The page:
ist enough so you can mold it with your hands). Note: When creating combustible incense, the ratio of powdered woods to resi n should be two to one. Your resin (benzoin, frankincense, myrrh, gums, saps, et c.) should never make up more than one-third of the final mixture. Mold the mixture into the desired shape When your mixture has reached the desired consistency (again, similar to pie dough), it's ready to be molded into shapes. Cones and blocks are the easiest t o mold. Sticks are much more difficult, especially if you don't have a special p ress (sold in craft stores). Try the cones and blocks first. Then when you decid e you're an expert, move on to the sticks. Cones: Roll the incense mixture into small, marble-sized balls with your han ds, then shape them into one-inch long cones. Arrange them upright on a sheet of waxed paper and place them somewhere warm to dry. They'll take three to seven d ays to dry. During this time, turn them regularly so they dry evenly and don't c rack. Blocks: Shape incense into long strips approximately one-third of an inch in height and width, and then cut the strips into one-inch long rectangles. Use th e same drying process as you would for cones (but the blocks can lay flat Sticks: Add more paste to the mixture until it's wet but still thick. If you don't have a special press (highly recommended), pat the dough on waxed paper u ntil it's very thin; then place one stick at a time onto the dough and roll a th in coat around the stick (leaving a few inches on one end uncoated) until the co ating is twice the thickness of the stick (no thicker). Squeeze or press the dou gh onto the stick so it will stay put. Place the uncoated end into some clay, sa nd or another substance that will allow it to stand upright to dry. To burn cones, blocks, or sticks, place them one at a time in an incense bur ner or bowl half-filled with sand or salt. Light one end (for cones, place them point-up and light the pointed end) wit h a match or lighter, holding the flame against the tip of the incense until the incense catches fire. Let the flame burn for a few seconds, then blow it out ge ntly. The lit end of the incense will glow and begin releasing its aroma (and a sm all amount of continuous smoke). Each cone, block, or stick will burn for approx imately ten to 25 minutes. your own recipes You can create your own noncombustible recipes and use charcoal tablets as a guide to test the scent. As mentioned previously, noncombustible incense can be burned by itself (on lit charcoal) if you don't have time, or if you find it to o difficult to create cones or sticks. Experiment with your own recipes You can create your own noncombustible recipes and use charcoal tablets as a guide to test the scent. As mentioned previously, noncombustible incense can be burned by itself (on lit charcoal) if you don't have time, or if you find it to o difficult to create cones or sticks. To light the charcoal, pick it up with the tweezers or tongs and hold it ove r a candle flame (it will spark at first, so be careful) until white spots begin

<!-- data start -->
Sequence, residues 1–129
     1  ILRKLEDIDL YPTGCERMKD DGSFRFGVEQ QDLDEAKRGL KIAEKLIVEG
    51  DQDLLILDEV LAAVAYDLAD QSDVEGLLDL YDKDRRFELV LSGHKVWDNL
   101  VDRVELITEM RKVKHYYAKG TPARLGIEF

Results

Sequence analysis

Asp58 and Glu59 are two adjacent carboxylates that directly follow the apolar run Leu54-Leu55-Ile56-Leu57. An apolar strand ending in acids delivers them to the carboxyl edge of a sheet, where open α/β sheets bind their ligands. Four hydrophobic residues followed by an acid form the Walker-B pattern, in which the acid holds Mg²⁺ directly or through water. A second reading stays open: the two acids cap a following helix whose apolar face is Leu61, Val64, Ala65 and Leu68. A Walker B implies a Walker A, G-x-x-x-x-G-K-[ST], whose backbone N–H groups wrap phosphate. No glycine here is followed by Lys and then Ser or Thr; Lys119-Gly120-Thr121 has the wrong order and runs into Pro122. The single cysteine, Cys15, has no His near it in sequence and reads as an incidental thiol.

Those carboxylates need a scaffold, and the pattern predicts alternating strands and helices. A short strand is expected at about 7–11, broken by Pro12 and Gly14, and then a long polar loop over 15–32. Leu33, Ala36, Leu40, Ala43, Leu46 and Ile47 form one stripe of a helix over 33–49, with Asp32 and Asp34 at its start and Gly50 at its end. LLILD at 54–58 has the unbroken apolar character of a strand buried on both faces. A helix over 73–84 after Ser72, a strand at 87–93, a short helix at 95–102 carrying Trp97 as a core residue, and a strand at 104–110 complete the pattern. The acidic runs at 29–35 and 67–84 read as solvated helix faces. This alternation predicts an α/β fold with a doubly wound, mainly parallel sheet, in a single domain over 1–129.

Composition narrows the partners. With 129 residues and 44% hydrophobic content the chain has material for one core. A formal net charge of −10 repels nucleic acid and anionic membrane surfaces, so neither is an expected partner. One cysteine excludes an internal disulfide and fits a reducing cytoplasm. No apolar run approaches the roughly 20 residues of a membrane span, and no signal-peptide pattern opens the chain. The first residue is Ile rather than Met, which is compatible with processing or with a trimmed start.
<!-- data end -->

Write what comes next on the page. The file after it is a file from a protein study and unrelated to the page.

to appear. You can also blow on it to see if it's lit (the spots will glow oran ge when you blow). Place the lit charcoal in a bowl or large, thick shell that's half-filled with sand or salt. Wait until it's burning evenly and is no longer crackling before putting any ingredients on it. Sprinkle a small amount of each herb, wood or oil onto the lit tablet to tes t the scent. Make notes regarding what you like and what works well together. Ma ny things will smell different when they're burning than when they're not. Articles gathered from encarta.com and learn2.com